The Leaf Bunker is a golf course hazard peculiar to public golf courses in Michigan and other wooded climes in the fall. It is a horror for which there is no known technique for either a) locating your ball or b) hitting a shot out of one if you are lucky enough to located said ball. Further, no manufacturer has designed a club to aid in the endeavor.
I will bet that the rules-writing suits at the USGA have never had to deal with this at their private clubs.
The rules of golf permit probing for your ball when covered by a loose obstruction, but will penalize you if the ball moves in doing so. I have no idea how I was supposed to find my ball without somehow causing it to move. On the other hand, the leaves were so thick that when I finally did find my ball, resting neatly on sand, there was no way to tell whether I had caused it to move. It seems likely, though. The ball likely was suspended in that rather thick layer and had fallen to the sand as a result of my tossing about.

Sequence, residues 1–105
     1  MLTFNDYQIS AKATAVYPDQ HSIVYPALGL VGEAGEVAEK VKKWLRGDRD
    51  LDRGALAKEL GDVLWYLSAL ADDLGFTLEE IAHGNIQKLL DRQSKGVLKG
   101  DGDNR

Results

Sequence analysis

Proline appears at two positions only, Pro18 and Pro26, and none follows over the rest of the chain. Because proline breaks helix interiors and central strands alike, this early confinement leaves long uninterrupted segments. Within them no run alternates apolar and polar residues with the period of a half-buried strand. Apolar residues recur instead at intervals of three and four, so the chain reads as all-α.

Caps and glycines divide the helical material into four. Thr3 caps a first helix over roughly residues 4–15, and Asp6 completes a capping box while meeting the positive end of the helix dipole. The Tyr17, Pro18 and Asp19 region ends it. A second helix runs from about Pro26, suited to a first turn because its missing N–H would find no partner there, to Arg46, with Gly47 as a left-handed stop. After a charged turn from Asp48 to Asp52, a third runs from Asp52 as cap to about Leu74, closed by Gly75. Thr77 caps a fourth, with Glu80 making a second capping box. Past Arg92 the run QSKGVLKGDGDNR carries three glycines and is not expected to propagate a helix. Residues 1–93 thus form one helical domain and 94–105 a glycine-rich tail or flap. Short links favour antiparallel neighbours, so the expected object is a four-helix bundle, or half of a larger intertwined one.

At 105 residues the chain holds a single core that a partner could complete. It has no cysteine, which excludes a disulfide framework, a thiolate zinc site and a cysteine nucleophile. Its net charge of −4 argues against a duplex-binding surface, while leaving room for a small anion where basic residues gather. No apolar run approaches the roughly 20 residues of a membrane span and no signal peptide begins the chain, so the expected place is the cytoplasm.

Further, since this particular Leaf Bunker was knee deep, the penalty for touching a loose obstruction on the backswing was all but unavoidable.
Here are my suggestions for playing out of a Leaf Bunker:
Start with the club at waist height and to “pump” it a couple of times before turning through and releasing. Leaves disturbed on the swing through don’t come with a penalty.
Do not, under any circumstances, take your eye off the ball’s position. On a windy day, leaves may very well blow across the ball as you are swinging. The ball won’t likely move, but you may not be able to see it. A laser focus on the position is critical or you will become distracted and miss.
Make sure there are no sticks that you can hit on the way through. That’s painful.
Swing hard. A dense layer of leaves absorbs a lot of energy, particularly because the lower reaches are likely to be damp.
Or … and here’s the best advice …
Treat the Leaf Bunker in the same fashion as water in a bunker. Drop the ball at the nearest point of relief inside the bunker.